I think this is more or less a quick question. So deuteron (pn) is an isosinglet in the state [itex]|00> =\frac{1}{\sqrt{2}}(pn-np)[/itex] since it cannot be part of the isotriplet that includes pp and nn, since these violate pauli exclusion. That's fine. So how is it that we can have atoms like [itex] He^3=ppn [/itex]? How does this not violate Pauli exclusion with two protons bound in the nucleus (both with isospin state [itex] |\frac{1}{2} \frac{1}{2}> [/itex]). It makes some sense if I think of this as a bound state of a proton and deuteron, with the deuteron being a sort of "nucleon" in its own right, where we combine [itex] p(pn)=p(d)=|\frac{1}{2} \frac{1}{2}> |00> [/itex], but I can't seem to reconcile that with the fact that there are still two identical nucleons (the protons) in a bound state, which sounds like it should violate Pauli exclusion for the same reason as before. What have I misunderstood?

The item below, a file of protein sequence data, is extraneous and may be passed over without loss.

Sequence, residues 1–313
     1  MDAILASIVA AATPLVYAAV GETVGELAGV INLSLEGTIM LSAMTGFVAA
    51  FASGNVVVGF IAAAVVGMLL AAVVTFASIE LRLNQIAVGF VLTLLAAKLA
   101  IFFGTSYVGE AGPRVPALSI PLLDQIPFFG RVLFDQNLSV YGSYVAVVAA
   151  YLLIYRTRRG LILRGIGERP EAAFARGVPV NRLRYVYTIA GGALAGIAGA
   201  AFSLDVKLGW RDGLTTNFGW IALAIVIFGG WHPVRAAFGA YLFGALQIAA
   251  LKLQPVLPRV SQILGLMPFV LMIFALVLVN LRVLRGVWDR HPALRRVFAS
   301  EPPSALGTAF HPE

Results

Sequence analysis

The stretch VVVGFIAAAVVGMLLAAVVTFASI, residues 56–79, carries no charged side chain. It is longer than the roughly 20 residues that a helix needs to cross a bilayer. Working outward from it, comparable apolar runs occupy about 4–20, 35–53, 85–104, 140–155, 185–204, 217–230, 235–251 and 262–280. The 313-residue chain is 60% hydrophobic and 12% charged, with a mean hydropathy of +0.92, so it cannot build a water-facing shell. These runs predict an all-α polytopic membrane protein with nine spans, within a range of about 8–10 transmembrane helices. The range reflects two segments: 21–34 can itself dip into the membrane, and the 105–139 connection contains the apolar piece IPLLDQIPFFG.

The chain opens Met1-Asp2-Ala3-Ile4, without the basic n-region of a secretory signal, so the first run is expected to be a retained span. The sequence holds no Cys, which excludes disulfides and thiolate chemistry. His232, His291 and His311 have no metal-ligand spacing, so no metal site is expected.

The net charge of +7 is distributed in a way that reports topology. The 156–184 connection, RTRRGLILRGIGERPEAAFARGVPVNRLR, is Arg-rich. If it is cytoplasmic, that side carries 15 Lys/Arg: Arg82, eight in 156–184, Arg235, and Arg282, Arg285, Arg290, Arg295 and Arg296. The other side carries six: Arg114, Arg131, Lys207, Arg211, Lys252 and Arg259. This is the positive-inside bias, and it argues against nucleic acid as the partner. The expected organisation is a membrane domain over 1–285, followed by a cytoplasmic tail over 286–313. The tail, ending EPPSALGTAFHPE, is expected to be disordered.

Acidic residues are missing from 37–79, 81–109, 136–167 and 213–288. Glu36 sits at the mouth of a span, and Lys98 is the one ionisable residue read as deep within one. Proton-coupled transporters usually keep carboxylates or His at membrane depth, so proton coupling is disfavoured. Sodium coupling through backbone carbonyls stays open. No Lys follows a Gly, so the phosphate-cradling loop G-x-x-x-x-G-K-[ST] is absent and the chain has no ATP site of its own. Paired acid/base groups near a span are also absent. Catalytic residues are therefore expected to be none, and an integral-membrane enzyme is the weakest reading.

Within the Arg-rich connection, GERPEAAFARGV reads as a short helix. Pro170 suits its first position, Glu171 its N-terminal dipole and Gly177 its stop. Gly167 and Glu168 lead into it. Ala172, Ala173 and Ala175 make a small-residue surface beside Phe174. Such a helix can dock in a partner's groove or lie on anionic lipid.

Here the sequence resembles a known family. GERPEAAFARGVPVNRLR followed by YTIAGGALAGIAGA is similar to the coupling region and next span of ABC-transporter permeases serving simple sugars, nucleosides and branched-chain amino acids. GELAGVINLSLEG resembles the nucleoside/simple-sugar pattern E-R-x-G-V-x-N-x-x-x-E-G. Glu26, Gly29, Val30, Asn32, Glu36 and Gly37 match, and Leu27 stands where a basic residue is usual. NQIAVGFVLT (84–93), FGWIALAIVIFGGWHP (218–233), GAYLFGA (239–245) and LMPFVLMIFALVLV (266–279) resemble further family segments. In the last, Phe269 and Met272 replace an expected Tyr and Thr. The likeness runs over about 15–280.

Spin. The deuteron is a ^{3}S_{1} state, which means the nucleons are both in the same spin state. In He^{3} on the other hand, the spins of the two protons are opposite.